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Fire district board OKs budget

The South Kitsap Fire and Rescue Board of Commissioners on Monday night approved the fire district’s 2006-07 operating budget, which is nearly $10 million and represents a 1.35 percent increase from last year.

Chief Wayne Senter presented the $9.98 million budget as “balanced,” explaining that he was predicting a 1.24 percent increase in revenue.

This year, the budget process was followed step-by-step for the first time by a Community Budget Review Committee (CBRC), which allowed citizens a first-hand look at how it is created.

“I would like to thank the district staff for putting in so much extra time to answering questions and finding information for the committee and (the commissioners),” said Commissioner Paul Golnik. “It was a lot of work, but it was worth it.”

Nearly a third of the district’s budget is dedicated to paying the salaries (and overtime) of its firefighter/EMTs, with more than 3.5 million allocated for salaries and overtime for 18 lieutenants and 30 firefighters.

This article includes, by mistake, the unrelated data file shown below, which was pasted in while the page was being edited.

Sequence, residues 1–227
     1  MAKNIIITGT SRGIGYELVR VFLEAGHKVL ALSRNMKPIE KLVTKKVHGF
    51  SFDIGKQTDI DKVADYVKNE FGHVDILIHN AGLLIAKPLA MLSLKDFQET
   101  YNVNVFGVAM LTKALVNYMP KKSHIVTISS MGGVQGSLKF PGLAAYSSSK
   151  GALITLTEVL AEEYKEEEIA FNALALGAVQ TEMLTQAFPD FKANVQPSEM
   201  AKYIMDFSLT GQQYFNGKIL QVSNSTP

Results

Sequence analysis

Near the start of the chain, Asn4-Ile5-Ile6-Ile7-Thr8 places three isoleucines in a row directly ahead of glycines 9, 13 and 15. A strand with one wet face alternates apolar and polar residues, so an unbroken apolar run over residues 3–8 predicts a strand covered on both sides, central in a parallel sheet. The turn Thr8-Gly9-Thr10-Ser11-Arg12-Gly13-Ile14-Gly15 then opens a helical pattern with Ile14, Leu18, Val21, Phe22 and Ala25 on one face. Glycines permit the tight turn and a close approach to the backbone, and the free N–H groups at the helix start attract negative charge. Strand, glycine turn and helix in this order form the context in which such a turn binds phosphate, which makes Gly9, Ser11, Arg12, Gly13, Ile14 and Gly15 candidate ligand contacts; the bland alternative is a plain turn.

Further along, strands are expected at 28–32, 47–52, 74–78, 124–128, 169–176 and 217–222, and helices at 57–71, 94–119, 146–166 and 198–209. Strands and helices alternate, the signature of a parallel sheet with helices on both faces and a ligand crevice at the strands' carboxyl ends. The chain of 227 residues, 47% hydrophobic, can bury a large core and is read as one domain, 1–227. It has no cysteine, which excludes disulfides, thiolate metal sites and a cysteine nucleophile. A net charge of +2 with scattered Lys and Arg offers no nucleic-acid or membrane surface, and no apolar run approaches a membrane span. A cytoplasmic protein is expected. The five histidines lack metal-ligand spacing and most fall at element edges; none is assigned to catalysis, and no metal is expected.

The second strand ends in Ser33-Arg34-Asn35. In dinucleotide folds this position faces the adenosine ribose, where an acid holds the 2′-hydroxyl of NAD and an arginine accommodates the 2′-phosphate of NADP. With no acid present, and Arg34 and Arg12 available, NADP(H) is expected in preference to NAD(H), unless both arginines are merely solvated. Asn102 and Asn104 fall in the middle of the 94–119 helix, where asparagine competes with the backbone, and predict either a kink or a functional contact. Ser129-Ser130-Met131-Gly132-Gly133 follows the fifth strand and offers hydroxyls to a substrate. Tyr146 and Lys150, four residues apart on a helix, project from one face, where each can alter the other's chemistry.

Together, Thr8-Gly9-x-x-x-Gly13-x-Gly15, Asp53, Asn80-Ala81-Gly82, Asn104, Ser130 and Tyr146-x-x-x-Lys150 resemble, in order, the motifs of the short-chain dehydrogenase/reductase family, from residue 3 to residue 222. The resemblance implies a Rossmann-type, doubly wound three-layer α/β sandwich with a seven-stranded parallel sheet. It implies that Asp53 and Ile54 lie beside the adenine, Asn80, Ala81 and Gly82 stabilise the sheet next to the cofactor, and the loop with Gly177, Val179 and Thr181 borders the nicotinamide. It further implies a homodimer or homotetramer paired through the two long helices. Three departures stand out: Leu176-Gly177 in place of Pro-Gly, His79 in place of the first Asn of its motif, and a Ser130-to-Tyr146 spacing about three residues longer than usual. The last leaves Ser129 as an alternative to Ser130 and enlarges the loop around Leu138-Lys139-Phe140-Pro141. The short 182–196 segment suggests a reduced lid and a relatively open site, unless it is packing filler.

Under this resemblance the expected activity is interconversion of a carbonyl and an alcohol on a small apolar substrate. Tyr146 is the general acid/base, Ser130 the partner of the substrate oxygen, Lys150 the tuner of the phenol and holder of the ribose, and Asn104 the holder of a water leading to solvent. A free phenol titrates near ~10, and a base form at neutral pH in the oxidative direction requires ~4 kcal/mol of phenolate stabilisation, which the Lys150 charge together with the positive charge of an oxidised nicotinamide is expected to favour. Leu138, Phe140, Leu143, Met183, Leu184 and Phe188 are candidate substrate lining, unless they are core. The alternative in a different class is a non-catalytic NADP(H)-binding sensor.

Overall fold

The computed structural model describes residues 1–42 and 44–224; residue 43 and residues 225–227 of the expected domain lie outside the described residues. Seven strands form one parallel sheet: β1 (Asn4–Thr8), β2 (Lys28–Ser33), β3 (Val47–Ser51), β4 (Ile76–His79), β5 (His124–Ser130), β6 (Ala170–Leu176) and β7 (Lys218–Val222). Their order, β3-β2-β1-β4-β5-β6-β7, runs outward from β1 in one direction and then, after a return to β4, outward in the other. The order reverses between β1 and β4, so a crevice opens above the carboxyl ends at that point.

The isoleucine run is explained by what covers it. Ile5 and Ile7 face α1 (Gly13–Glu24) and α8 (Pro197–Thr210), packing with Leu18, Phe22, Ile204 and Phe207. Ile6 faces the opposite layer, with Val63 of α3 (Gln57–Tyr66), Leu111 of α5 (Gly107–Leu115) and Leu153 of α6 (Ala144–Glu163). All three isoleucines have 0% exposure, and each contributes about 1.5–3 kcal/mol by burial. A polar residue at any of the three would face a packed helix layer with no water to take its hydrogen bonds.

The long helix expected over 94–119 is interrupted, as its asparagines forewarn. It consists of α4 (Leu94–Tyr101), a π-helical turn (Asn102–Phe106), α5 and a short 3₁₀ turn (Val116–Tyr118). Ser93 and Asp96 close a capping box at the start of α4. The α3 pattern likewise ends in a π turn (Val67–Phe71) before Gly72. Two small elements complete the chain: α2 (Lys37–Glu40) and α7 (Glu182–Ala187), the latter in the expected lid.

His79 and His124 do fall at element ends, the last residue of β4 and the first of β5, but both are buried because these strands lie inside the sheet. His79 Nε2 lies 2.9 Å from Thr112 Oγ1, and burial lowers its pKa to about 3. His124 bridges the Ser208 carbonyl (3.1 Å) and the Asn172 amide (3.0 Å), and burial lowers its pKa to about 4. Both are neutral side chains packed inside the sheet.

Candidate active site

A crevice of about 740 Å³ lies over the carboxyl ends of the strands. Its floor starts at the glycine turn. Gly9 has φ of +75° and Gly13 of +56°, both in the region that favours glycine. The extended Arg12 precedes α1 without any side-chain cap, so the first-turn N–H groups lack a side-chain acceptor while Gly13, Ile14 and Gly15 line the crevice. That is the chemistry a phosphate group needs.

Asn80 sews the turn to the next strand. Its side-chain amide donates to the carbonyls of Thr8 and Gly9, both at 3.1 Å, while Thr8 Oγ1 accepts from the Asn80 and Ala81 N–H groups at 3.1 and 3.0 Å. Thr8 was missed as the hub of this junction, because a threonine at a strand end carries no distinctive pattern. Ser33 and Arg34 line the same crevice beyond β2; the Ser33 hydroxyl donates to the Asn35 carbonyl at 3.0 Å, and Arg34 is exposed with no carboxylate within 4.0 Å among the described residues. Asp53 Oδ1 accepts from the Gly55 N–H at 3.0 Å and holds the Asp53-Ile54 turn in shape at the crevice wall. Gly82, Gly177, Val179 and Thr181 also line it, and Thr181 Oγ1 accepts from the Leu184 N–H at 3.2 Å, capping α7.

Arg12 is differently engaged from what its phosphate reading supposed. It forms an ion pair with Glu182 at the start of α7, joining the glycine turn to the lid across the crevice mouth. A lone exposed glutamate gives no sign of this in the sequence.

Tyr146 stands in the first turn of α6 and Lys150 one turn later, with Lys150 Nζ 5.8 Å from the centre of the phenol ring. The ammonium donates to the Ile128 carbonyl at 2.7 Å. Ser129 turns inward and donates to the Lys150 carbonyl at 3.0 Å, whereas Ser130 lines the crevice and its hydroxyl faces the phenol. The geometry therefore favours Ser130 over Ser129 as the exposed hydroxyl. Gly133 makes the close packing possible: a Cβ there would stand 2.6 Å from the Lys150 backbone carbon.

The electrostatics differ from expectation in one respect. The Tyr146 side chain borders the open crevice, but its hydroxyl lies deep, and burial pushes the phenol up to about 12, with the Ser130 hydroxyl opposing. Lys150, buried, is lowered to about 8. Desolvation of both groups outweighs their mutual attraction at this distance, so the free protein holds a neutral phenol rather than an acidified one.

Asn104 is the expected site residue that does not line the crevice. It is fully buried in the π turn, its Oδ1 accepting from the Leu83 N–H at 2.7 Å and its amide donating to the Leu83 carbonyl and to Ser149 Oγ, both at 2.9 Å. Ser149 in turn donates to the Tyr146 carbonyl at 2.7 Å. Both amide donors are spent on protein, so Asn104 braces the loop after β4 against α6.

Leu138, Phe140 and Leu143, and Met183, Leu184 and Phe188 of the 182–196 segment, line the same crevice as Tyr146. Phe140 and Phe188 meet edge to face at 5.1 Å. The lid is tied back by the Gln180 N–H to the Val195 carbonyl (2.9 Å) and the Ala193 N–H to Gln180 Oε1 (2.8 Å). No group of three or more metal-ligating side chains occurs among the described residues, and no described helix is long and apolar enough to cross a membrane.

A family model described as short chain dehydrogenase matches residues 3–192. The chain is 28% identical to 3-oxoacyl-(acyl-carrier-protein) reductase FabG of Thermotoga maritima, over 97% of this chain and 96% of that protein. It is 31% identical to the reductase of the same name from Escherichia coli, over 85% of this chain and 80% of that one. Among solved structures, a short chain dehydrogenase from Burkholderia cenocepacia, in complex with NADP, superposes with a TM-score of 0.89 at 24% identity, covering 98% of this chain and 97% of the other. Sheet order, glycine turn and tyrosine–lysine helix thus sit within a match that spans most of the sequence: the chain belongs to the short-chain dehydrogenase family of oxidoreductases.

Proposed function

For 2007, that cost is expected to rise to more than four million, since the district factored in $415,000 to pay for nine additional firefighters it hopes to be able to hire with the help of a federal SAFER grant.

Board chair Dusty Wiley noted that while the grant will provide $900,000 over fours years to pay part of the nine firefighters’ salaries, the fire district will still have to come up with $2.3 million to pay the rest.

“That is why we need to put a levy lid lift on the ballot next spring,” Senter said, to which Wiley asked what would happen if the voters turned down the measure, as they have done three times in a row.

“But we’re not obligated to take the grant. Can we refuse it if it does not come out in a favorable vote?” Wiley asked, to which Senter said yes, the district could back out of the grant.

Pointing out that while the grant required the new staff to be hired for five years, yet only paid part of the salaries for four of those, Wiley asked “what are we going to do after four years?”

“That is why the temporary lid lift will be for six years, so we can fund them for all five years,” Senter said.

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